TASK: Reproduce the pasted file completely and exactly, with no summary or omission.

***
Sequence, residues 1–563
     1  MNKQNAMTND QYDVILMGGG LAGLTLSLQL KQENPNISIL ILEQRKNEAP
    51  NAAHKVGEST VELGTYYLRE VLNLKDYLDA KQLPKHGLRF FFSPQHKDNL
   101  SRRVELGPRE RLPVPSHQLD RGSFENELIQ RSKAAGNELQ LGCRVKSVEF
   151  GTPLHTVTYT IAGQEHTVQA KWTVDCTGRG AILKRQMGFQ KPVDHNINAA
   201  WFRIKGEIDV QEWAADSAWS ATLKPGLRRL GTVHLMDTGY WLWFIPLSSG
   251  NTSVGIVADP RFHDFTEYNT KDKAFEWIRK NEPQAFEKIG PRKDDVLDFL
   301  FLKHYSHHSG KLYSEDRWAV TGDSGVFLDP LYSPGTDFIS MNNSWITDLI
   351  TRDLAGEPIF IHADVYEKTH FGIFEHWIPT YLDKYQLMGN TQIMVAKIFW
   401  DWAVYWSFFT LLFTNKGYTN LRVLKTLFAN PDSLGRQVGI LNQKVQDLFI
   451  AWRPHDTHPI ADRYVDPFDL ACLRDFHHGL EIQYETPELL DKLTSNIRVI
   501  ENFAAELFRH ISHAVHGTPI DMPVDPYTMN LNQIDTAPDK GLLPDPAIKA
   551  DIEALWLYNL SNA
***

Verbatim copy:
Sequence, residues 1–563
     1  MNKQNAMTND QYDVILMGGG LAGLTLSLQL KQENPNISIL ILEQRKNEAP
    51  NAAHKVGEST VELGTYYLRE VLNLKDYLDA KQLPKHGLRF FFSPQHKDNL
   101  SRRVELGPRE RLPVPSHQLD RGSFENELIQ RSKAAGNELQ LGCRVKSVEF
   151  GTPLHTVTYT IAGQEHTVQA KWTVDCTGRG AILKRQMGFQ KPVDHNINAA
   201  WFRIKGEIDV QEWAADSAWS ATLKPGLRRL GTVHLMDTGY WLWFIPLSSG
   251  NTSVGIVADP RFHDFTEYNT KDKAFEWIRK NEPQAFEKIG PRKDDVLDFL
   301  FLKHYSHHSG KLYSEDRWAV TGDSGVFLDP LYSPGTDFIS MNNSWITDLI
   351  TRDLAGEPIF IHADVYEKTH FGIFEHWIPT YLDKYQLMGN TQIMVAKIFW
   401  DWAVYWSFFT LLFTNKGYTN LRVLKTLFAN PDSLGRQVGI LNQKVQDLFI
   451  AWRPHDTHPI ADRYVDPFDL ACLRDFHHGL EIQYETPELL DKLTSNIRVI
   501  ENFAAELFRH ISHAVHGTPI DMPVDPYTMN LNQIDTAPDK GLLPDPAIKA
   551  DIEALWLYNL SNA